Anne Julie Semb
University of Oslo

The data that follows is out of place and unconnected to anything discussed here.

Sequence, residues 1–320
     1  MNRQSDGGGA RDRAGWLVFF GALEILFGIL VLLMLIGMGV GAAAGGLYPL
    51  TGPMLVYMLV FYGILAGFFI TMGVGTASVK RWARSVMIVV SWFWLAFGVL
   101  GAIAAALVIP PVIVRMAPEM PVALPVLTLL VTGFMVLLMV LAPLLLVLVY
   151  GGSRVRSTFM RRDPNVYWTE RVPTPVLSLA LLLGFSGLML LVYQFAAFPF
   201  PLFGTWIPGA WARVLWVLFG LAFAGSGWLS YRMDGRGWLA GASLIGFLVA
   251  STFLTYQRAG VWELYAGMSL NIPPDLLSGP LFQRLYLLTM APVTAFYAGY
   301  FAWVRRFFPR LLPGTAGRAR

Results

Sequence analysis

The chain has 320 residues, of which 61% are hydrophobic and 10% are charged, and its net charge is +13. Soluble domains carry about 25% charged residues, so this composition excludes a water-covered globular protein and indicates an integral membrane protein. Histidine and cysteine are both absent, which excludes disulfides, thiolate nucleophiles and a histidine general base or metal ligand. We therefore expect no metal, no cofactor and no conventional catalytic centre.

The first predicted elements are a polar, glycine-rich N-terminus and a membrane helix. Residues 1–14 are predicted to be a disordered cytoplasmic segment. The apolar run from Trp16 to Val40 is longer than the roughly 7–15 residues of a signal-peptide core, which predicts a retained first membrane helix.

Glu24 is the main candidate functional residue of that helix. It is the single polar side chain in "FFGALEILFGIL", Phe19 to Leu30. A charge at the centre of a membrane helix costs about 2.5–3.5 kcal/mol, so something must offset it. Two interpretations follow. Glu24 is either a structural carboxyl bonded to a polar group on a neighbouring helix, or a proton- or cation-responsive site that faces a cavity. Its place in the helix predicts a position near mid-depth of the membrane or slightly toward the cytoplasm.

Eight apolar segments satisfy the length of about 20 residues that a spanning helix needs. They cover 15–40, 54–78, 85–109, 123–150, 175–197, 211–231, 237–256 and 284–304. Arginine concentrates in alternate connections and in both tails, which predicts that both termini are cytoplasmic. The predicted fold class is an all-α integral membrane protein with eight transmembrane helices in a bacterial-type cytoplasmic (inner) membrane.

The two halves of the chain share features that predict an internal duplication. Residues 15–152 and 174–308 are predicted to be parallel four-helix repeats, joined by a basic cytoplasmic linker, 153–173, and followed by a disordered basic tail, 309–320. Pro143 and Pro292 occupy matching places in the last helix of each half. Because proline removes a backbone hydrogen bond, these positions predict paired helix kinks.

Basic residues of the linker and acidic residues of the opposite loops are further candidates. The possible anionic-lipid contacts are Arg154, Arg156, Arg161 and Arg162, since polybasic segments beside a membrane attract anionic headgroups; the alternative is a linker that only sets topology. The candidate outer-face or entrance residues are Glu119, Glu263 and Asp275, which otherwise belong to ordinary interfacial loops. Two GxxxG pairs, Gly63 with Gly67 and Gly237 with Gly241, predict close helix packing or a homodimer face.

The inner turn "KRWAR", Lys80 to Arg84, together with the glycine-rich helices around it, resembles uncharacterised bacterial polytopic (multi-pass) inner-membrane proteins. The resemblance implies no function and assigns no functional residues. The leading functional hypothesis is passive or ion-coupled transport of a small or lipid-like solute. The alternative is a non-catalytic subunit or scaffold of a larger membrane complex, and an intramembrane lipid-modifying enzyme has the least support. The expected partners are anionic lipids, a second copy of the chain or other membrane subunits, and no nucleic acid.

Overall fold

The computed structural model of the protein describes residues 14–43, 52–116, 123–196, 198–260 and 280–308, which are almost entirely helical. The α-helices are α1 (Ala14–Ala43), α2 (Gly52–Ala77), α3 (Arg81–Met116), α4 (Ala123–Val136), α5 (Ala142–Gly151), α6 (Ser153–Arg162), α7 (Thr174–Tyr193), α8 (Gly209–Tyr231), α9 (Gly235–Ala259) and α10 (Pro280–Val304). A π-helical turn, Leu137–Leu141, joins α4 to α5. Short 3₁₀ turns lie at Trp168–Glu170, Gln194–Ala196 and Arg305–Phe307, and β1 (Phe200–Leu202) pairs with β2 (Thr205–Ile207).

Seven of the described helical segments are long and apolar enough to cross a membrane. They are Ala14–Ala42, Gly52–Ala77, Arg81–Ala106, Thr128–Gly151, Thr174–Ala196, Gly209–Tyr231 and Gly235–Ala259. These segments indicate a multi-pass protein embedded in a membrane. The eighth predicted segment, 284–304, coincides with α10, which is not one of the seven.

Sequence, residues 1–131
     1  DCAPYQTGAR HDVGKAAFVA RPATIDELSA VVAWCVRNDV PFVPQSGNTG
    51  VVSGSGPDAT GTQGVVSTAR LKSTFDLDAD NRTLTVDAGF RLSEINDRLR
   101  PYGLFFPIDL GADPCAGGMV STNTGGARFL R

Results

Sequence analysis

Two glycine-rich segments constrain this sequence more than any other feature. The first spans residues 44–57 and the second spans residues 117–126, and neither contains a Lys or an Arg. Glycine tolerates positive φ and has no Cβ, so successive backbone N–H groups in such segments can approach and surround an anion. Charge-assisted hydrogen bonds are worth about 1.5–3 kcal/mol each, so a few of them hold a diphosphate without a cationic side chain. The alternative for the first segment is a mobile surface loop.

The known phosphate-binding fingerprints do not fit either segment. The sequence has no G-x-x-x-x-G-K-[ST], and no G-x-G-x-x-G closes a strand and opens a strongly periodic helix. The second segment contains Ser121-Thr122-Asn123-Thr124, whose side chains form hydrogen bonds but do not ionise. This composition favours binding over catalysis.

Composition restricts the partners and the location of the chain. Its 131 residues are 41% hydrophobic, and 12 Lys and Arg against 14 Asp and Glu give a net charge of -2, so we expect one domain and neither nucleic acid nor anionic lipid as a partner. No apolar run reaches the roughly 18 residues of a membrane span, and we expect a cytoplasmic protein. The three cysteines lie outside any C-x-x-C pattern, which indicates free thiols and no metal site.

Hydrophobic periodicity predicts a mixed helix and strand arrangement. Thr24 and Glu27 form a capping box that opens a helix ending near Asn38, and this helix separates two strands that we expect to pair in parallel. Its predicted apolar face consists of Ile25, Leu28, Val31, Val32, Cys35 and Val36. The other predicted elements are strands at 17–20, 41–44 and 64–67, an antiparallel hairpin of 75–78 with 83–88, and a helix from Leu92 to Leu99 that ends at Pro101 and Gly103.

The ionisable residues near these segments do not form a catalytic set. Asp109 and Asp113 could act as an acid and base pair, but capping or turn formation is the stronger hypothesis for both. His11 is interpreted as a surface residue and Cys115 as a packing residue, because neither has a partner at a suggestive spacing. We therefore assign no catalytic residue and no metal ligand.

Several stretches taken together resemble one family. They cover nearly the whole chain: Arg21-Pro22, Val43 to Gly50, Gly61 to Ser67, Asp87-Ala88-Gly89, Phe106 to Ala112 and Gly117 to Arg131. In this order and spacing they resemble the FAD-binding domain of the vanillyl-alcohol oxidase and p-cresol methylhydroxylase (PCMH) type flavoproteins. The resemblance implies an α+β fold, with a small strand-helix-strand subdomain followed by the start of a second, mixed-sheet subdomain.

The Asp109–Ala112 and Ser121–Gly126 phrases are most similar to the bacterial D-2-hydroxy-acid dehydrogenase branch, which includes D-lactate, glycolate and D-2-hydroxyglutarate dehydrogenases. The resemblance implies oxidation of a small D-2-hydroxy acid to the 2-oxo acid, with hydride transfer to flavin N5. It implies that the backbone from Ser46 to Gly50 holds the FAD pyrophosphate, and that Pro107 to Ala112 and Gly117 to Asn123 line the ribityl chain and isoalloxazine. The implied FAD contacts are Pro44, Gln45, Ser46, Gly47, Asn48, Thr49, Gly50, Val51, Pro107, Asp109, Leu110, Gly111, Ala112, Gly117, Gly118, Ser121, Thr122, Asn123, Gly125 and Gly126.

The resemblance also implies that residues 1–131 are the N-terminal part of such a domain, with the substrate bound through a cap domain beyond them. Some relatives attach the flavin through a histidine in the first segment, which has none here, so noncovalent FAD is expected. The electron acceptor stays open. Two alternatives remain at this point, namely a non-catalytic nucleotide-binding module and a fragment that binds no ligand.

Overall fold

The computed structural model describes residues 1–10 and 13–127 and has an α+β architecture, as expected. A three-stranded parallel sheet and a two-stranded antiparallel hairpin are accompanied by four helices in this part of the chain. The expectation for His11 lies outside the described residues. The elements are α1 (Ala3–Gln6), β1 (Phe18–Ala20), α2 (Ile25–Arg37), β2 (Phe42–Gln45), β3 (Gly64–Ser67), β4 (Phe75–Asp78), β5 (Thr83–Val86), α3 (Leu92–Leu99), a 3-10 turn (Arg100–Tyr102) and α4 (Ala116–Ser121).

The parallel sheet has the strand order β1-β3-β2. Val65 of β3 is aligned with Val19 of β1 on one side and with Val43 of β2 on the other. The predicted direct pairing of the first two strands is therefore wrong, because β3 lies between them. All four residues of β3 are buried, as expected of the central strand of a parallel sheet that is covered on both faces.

Norway’s formal involvement in the civil war in Sri Lanka started in 2000 and ended in May 2009, when the Tamil Tigers (LTTE) were militarily defeated. This book details how the Norwegian Foreign Ministry (MFA) tried to contribute to a negotiated rather than a military solution to the conflict. A highlight was the Ceasefire Agreement, signed by LTTE and the government in February 2002. The book details how shifting domestic Sri Lankan political conditions and internal political divisions affected the Norwegian actors’ room for maneuver and also, less systematically, how Norwegian peace efforts were constrained by geopolitical changes and the interests of major powers. The author, a journalist, aptly points out that his book is not an academic study but focuses on key actors and their narratives. The two main MFA actors, Erik Solheim and Vidar Helgesen, originally came up with the idea of writing a book that could ‘set the record straight’ (p. 8) and contacted Salter. The close relationship between the author and these two key actors could have been problematized in the book. Strikingly, Salter does not refer to the critical MFA-commissioned report (2011) Pawns of Peace. Persons interested in the civil war in Sri Lanka and efforts at trying to reach a negotiated solution to armed conflicts will still find Salter’s book interesting and full of details of the process that have so far not been publicly known. Transcribed interviews by a number of actors provide valuable information about their goals, beliefs and assessments and highlight the diversity of opinions, particularly on how to proceed when it became clear that the parties sought a military rather than a negotiated settlement.